I do also suspect therefore that these proposals contrast not only with Christian tradition, which is obvious, but with the Fundamental Declarations of the Anglican Church, the most basic elements of the constitution. The third of those declarations states that "This Church will ever " preserve the three orders of bishops, priests and deacons in the sacred ministry" (I.3) Although the Appellate Tribunal found in 1997 that there was no necessary conflict between lay presidency and those declarations, it did so in answering the question of whether a deacon or lay person could or should ever preside at the Eucharist " a question without context, necessarily addressed to exceptions and marginal cases.
This proposal for order undermines the historic ministry of the Church not by abolition but by circumvention, by the establishment of a parallel de facto structure with occasional nods to the formal one. The real issue is whether the three-fold order on the one hand and the ministry of all the baptized on the other can be relativized in terms of a local presbyterate governed by an incumbent, and whose distinguishing features I would suggest are likely to be education, professional status and, simplest and most fundamental, power.
WORD AND SACRAMENT
A key emphasis among the arguments previously emanating from the Diocese of Sydney is the relation between Word and Sacrament in ministry and liturgy.
The 1662 Book of Common Prayer does of course envisage a unified ministry of word and sacrament exercised almost solely by the ordained, inheriting as it did the highly-clericalized medieval pattern where even the ministry of deacon was often marginal, and lay participation minimal or non-existent. The idea of lay persons taking significant part in ministries of preaching or numerous other functions pertaining to the "word" was not envisaged at that point, any more than was lay presidency at the Eucharist. Thus proponents of this development can argue that a change in one part " word, and particularly preaching " ought to have been accompanied by a change on the other " leadership at the Eucharist or Lord's Supper itself.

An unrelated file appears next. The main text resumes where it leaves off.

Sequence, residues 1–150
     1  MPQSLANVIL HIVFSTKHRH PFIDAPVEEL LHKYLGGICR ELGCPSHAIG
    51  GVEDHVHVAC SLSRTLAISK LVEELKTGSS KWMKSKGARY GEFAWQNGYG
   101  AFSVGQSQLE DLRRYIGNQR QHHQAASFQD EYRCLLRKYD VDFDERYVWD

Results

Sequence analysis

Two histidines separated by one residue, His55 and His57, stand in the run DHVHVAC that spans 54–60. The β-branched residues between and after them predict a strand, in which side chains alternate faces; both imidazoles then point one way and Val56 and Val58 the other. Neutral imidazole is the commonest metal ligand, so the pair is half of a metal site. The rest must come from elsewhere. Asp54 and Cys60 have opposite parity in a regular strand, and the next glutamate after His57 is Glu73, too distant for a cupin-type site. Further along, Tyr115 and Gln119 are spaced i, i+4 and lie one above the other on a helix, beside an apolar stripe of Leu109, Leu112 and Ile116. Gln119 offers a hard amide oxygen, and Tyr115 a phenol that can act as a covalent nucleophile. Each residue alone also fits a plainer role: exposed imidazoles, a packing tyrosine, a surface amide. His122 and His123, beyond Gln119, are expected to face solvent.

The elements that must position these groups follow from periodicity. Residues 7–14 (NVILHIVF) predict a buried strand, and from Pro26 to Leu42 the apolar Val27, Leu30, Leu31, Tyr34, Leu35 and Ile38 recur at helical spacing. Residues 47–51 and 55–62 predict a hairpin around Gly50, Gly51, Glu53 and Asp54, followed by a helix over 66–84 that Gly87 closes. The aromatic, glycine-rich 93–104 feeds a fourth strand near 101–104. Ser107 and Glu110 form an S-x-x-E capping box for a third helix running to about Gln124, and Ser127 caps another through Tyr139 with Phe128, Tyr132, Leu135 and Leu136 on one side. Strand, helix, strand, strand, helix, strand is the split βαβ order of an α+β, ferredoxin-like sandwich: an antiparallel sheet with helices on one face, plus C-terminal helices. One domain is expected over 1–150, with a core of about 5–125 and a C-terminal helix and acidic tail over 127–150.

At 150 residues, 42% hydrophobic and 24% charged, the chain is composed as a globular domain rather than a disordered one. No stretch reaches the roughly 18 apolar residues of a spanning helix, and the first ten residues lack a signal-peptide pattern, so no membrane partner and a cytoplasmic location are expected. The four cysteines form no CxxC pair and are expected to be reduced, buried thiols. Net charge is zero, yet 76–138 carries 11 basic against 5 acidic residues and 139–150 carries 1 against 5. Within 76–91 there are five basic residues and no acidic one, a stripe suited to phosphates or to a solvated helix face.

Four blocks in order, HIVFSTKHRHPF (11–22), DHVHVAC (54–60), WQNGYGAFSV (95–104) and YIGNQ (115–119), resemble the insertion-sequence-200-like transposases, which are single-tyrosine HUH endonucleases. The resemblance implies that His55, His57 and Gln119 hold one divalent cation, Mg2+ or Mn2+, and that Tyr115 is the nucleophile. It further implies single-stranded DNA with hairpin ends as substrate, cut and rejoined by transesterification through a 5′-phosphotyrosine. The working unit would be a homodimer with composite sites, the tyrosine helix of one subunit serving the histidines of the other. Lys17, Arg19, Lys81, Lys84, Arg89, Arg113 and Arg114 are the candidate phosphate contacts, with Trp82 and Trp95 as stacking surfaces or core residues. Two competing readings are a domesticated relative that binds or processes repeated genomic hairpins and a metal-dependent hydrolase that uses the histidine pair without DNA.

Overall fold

Yet the reformed tendency to emphasize a single form of ordained ministry of word and sacrament " what becomes "incumbency" or the office of Rector in the current discussion - is a relic of medieval and subsequent Catholicism's tendency to focus solely on the order of priest, rather than on the complexity of various orders and their distinct ministries. The "massing priest" becomes the preaching presbyter, as a one-sidedly sacramentally-based system becomes a one-sidedly propositionally-based one, but the echoes remain.
In a 1994 report prepared at the request of the Standing Committee of the Sydney Diocesan Synod, it is argued that the recent growth of leadership by lay persons in preaching, public prayer and other elements of the ministry of the Word, without such a development of equivalent sacramental ministries regarding the Eucharist, is an anomaly that suggests "the Sacrament can appear to be more important than the Word". These authors speak rather of "the necessary dependence of the ministry of the Sacrament on the ministry of the Word", and go so far as to claim that objections to lay presidency are "arbitrary and unjustified".
The balance of word and sacrament " their partnership and mutuality " is one of the beauties of Anglicanism and its liturgy. But to see them in competition or insisting on a hierarchical relationship between them is unnecessarily to recapitulate the transition between the medieval and early modern forms of clericalism. I would suggest that the need to establish such a primacy in either direction between word and sacrament, or even to objectify these ministries in such a way that we can quantify and compare them, is allowing 16th century issues to determine the way we read both ancient scriptures and contemporary needs.
In fact the notion that everything that is true of presidency at the ministry of Word must be true of the ministry of the sacrament is simply a myth that needs to be exposed.
NEW TESTAMENT MODELS
The earliest descriptions we have of Christian worship " the series of instructions about conduct in the assembly in Paul's First Letter to the Corinthians " have seemingly been ignored in this discussion, despite the fact (or because of the fact) that they provide a fairly clear indication of forms of communal participation, and in particular participation of various sorts in the ministry of the Word, linked neither to presiding nor to eldership.
Addressing a tendency on the part of the Corinthian Church to set some of its members up with greater status and power, the apostle argues that "God has appointed in the church first apostles, second prophets, third teachers; then deeds of power, then gifts of healing, forms of assistance, forms of leadership, various kinds of tongues" (1 Cor 12:28). This picture of a diversity of discursive gifts " of the ministry of the word, as it were " continues in Chapter 14, where Paul has to de-emphasize that spectacular ministry of the word known as speaking in tongues, expressing a preference for comprehensible gifts of prophecy and interpretation.